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University Journalism Students and Faculty to Learn
About Native American and Hmong History
MAILED: April 8, 2002
EAU CLAIRE — Journalism students and faculty from the University of Wisconsin-Eau Claire and Eau Claire high schools will be among those attending a two-day workshop designed to help them better understand Native American and Hmong history, culture and social issues.
"First Nations, New Nations," hosted by the University of Wisconsin-Eau Claire and South Dakota State University, will be held April 12 and 13 at the University of St. Thomas campus in St. Paul, Minn.
"My hope is that students will walk away from 'First Nations, New Nations' with an expanded definition of community," said Lynette Nyman, Knight Journalist-in-Residence at UW-Eau Claire. "And that they will have a greater understanding of the challenges and triumphs of those who live in both minority and majority cultures. This is especially important for future journalists because the growing diversity of this nation is an important story that will be with us for some time to come."
Workshop sessions will address topics such as "Hmong in the Media," "Native American Independent Press" and "Tribal Sovereignty." Speakers include leaders, activists and social service professionals as well as journalists who have reported on Hmong and Native American communities. Minnesota State Sen. Mee Moua will visit during the Friday evening dinner.
The Knight-Journalist-in-Residence Program, funded by the John S. and James L. Knight Foundation, will pay for the event, with UW-Eau Claire and South Dakota State University hosting it.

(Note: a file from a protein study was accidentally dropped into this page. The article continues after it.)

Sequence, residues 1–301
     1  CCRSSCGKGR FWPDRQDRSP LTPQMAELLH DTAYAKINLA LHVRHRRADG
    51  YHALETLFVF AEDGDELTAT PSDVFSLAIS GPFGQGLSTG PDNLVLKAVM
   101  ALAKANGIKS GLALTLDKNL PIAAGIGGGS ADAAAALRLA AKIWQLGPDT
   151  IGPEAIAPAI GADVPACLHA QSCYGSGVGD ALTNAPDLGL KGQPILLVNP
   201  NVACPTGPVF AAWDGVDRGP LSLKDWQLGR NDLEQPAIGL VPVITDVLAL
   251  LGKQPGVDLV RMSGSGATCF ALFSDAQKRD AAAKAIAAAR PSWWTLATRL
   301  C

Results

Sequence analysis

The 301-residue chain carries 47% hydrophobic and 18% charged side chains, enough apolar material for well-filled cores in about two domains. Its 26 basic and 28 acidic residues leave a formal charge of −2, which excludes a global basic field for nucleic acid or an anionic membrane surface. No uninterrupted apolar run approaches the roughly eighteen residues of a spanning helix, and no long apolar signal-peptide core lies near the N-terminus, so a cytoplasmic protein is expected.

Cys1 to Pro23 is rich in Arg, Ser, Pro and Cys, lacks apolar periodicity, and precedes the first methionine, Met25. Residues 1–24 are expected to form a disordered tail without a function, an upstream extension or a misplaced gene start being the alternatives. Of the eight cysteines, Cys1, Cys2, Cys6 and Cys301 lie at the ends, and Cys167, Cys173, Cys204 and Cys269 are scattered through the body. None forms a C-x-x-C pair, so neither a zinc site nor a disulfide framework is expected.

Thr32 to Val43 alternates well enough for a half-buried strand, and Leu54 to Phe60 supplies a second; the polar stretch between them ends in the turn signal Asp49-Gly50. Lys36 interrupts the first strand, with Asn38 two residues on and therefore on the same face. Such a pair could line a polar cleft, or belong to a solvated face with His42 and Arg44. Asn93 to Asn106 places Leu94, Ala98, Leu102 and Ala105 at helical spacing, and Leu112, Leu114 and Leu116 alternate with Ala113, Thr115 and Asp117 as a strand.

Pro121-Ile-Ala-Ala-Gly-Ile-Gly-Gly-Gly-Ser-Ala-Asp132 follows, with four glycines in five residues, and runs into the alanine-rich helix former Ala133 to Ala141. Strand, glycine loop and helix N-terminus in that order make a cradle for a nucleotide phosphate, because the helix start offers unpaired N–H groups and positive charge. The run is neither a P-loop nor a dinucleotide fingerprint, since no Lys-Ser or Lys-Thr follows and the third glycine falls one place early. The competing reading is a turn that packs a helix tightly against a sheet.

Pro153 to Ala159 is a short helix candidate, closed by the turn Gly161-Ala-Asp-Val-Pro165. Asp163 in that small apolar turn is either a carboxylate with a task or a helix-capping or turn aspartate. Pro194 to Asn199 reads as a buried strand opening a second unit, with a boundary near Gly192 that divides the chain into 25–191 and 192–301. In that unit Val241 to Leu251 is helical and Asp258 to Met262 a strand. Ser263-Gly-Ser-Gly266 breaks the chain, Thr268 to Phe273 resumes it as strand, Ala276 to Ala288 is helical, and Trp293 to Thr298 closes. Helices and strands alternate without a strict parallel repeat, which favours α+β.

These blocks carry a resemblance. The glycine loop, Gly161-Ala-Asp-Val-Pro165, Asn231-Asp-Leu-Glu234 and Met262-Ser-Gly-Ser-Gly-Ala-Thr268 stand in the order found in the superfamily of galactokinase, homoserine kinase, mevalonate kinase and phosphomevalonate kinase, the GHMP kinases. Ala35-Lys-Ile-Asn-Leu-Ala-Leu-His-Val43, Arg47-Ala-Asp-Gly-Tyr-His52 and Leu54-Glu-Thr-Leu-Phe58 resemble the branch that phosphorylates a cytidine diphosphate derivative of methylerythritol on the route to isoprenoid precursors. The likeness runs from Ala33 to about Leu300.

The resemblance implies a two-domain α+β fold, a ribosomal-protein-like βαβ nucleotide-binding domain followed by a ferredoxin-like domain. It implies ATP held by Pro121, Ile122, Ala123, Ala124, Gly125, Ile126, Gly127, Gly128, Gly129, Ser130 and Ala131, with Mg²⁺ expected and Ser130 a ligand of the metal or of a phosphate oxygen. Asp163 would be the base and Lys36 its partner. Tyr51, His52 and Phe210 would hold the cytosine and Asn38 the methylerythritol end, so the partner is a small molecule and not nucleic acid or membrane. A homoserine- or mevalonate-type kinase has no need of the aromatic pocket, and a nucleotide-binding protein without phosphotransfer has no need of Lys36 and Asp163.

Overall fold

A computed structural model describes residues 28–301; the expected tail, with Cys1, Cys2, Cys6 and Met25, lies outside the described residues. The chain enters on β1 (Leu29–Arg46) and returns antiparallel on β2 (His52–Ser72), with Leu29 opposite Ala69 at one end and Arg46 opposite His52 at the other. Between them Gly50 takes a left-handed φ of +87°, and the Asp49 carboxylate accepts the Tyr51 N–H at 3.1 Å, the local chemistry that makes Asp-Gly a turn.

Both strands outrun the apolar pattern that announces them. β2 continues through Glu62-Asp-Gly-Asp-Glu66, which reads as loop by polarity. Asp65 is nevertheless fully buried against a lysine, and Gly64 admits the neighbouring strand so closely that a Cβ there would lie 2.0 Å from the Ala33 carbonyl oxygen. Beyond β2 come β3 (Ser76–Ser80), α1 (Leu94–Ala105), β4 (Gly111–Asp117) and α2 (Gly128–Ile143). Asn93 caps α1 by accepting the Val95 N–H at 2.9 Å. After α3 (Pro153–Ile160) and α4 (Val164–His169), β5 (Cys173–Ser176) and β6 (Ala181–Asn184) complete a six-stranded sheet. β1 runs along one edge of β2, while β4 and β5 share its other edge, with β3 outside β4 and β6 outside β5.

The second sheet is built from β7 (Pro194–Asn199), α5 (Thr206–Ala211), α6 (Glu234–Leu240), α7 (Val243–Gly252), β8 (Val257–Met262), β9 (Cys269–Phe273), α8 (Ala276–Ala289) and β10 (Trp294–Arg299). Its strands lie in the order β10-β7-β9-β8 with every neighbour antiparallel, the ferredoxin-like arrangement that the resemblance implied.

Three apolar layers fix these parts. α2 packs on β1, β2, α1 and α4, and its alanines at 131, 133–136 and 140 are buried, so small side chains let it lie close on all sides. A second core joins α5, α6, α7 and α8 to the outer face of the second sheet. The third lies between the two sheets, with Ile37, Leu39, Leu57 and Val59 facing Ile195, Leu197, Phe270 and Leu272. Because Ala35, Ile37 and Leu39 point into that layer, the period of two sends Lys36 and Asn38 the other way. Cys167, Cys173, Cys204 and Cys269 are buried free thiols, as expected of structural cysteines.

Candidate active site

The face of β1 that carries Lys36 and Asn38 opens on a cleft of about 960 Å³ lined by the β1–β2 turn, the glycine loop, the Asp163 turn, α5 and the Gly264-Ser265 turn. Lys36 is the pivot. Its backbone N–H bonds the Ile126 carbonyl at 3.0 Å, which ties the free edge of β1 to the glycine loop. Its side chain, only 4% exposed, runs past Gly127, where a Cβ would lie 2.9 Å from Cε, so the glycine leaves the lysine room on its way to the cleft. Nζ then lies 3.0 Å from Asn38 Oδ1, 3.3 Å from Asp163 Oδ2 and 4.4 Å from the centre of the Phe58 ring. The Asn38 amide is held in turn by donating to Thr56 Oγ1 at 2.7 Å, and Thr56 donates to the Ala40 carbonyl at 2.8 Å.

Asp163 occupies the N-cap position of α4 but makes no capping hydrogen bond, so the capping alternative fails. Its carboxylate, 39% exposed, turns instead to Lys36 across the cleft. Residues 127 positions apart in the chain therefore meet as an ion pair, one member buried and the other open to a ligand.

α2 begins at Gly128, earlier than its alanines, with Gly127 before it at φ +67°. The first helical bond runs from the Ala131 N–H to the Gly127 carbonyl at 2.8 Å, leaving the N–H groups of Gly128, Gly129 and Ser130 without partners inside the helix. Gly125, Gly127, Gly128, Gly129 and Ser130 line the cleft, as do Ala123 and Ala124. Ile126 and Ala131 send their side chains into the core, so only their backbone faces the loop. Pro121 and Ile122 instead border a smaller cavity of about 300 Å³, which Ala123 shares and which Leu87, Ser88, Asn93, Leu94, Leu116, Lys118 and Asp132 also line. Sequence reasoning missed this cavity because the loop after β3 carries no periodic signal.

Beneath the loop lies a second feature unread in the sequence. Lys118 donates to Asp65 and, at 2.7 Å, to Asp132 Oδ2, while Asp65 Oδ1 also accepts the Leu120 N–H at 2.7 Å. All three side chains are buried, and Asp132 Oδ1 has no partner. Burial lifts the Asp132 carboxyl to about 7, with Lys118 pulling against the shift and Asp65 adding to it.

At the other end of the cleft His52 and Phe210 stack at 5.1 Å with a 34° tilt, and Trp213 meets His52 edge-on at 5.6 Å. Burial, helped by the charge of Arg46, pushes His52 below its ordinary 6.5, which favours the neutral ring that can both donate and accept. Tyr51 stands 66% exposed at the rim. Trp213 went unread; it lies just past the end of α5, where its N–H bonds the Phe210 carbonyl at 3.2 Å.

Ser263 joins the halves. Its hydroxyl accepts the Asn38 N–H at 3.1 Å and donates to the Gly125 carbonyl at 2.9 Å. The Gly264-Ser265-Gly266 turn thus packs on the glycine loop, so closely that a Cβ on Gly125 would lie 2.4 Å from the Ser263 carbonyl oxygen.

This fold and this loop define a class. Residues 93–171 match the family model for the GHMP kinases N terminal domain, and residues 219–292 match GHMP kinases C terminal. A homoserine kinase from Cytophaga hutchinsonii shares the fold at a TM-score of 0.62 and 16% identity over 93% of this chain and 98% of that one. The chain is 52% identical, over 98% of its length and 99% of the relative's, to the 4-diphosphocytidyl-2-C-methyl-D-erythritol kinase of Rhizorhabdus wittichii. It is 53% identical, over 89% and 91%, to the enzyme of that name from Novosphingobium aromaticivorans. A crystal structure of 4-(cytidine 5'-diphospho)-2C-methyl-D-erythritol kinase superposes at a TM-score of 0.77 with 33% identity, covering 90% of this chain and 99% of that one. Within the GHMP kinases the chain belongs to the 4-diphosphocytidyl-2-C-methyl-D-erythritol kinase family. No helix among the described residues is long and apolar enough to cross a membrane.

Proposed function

"The workshop is the centerpiece of this first year of the Knight Journalist-in-Residence Program, and offers opportunities for students and faculty from UW-Eau Claire and South Dakota State University to learn from each other and from the outstanding panelists," said Dr. David Gordon, chair of UW-Eau Claire communication and journalism department. "It will provide 1½ days of immersion into the Hmong and Native American communities, and we expect it to stretch the cultural horizons of our students from majority backgrounds."
A number of UW-Eau Claire students and faculty plan to participate, as well as journalism students and teachers from Eau Claire North and Memorial high schools.
"It's all about helping the different parts of our society become more knowledgeable about each other," Gordon said.
Workshop sessions will begin at 2 p.m. April 12 in the Owens Science Hall's 3M Auditorium, and end at 4:30 p.m. April 13.
For more information, contact Gordon at (715) 836-2528, or Nyman at (651) 228-0964 or email@example.com.
UW-Eau Claire News Bureau
Updated: April 8, 2002